Silver for September delivery, the most-active futures contract, inched up less than 0.1% to $17.151 a troy ounce on the Comex division of the New York Mercantile Exchange in regular trading. They were down 0.2% in after-hours trading after minutes from the Federal Reserve’s July meeting showed officials saw their move to cut interest rates last month as a “recalibration” rather than the start of a more aggressive easing cycle.
Prices are still up about 11% since mid-July and recently hit their highest level in over a year, boosted by a bout of safe-haven buying with nervous investors seeking assets that tend to stay steady during times of market volatility.
Because silver has many industrial uses but also sometimes trades like a safe-haven metal such as gold, analysts have viewed its recent rally as a sign of investor caution.
The rise has come as gold prices have surged to six-year highs and other safe-haven assets such as the Japanese yen have also climbed.
A slew of interest-rate cuts around the world have fueled the flight to safety with some investors wary of a sharp slowdown in economic growth that hurts stocks and other risky assets. Following the Fed’s rate cut last month, some analysts expect the central bank to continue lowering borrowing costs to stabilize the U.S. economy.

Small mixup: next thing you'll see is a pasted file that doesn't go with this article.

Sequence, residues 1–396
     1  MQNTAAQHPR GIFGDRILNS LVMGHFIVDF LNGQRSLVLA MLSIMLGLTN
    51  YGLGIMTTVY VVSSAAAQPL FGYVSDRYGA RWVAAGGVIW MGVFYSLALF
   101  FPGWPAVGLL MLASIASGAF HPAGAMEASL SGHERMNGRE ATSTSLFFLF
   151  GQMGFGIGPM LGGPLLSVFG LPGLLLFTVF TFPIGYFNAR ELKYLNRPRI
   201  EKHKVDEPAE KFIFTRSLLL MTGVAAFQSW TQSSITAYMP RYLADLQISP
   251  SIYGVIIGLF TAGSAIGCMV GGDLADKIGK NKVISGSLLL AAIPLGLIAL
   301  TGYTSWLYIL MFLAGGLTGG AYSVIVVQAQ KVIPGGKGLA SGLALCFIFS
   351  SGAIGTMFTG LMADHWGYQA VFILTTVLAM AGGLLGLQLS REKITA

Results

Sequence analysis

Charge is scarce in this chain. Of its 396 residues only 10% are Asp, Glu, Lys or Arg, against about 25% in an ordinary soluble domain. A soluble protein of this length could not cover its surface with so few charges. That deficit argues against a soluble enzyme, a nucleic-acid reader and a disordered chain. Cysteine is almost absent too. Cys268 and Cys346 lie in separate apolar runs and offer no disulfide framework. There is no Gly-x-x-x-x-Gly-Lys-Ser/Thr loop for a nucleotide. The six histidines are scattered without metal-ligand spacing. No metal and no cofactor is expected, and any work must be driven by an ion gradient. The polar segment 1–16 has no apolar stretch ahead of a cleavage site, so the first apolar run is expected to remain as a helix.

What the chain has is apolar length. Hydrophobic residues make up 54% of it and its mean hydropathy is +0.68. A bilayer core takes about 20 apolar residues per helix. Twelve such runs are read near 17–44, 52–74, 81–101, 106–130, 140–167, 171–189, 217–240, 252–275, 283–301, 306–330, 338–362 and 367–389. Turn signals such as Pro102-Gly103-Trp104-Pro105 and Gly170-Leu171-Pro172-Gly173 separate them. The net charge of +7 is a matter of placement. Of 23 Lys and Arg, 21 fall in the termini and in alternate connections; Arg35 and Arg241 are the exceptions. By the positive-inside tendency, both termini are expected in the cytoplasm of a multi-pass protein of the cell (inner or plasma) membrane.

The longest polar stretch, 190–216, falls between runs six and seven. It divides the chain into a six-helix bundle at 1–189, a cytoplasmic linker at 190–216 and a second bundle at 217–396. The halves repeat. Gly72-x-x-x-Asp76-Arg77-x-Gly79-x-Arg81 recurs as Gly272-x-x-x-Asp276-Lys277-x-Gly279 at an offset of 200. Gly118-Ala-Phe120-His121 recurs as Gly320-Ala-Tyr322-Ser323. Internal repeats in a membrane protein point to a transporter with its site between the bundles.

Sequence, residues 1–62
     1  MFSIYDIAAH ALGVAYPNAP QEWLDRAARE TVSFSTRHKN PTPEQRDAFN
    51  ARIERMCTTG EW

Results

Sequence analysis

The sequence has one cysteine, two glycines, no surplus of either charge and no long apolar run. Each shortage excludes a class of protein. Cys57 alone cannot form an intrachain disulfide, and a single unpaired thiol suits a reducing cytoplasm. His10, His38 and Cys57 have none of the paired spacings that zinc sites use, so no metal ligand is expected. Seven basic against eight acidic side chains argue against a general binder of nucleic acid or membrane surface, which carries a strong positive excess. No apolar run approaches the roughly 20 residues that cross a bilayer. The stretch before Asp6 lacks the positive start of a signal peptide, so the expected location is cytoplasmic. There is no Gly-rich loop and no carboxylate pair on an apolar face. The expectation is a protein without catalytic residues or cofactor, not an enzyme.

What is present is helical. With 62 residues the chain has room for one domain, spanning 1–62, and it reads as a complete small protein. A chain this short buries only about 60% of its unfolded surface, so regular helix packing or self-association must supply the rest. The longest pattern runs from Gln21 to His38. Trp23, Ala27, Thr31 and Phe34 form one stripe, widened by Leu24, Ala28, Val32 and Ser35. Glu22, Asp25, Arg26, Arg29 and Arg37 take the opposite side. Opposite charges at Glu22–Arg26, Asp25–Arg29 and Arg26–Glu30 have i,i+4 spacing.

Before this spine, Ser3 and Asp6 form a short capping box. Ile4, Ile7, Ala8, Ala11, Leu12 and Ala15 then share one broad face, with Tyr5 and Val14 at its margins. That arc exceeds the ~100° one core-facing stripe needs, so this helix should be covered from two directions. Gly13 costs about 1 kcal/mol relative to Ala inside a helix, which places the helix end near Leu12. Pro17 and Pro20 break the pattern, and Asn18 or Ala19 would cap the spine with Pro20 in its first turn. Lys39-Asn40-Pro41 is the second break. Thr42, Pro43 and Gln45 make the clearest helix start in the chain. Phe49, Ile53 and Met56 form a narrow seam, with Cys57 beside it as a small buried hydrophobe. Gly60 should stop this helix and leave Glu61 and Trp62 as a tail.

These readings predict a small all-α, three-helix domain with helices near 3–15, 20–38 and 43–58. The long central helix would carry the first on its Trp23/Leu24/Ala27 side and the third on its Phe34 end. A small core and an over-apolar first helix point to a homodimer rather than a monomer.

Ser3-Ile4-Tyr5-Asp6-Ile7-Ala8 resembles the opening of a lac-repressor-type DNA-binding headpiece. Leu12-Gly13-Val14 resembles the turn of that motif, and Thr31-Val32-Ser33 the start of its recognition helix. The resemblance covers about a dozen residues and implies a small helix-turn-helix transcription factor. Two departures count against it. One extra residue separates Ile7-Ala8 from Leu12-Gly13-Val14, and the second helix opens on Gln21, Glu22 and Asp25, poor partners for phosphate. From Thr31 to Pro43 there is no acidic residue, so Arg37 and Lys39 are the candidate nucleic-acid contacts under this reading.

Some analysts think the precious metals rally is overdone, citing steady U.S. consumer data points that have helped calm markets in recent sessions. Upbeat earnings from Target Corp. and Lowe’s Co s. pushed up stocks about 0.8% Wednesday.
In one sign of investor caution toward silver, hedge funds and other speculative investors cut net bets on higher prices in consecutive weeks through Aug. 13, Commodity Futures Trading Commission data show. The pullback in net bullish bets came after speculators pushed them to their highest level since November 2017 in late July.
Elsewhere in commodities, most-active Comex gold futures were unchanged at $1,515.70 a troy ounce, also pausing their recent rally.

U.S. oil futures settled lower after the government reported a weekly decrease in domestic crude supplies, the first in three weeks, but smaller than the market expected.
West Texas Intermediate crude for October delivery fell by 45 cents, or 0.8%, to settle at $55.68 a barrel on the New York Mercantile Exchange, following gains in each of the last three trading sessions. It was at $56.77 shortly before the supply data. The October contract for global benchmark Brent crude, however, rose 27 cents, or 0.5%, to $60.30 a barrel on ICE Futures Europe. On Tuesday, Brent finished above $60 for the first time in a week.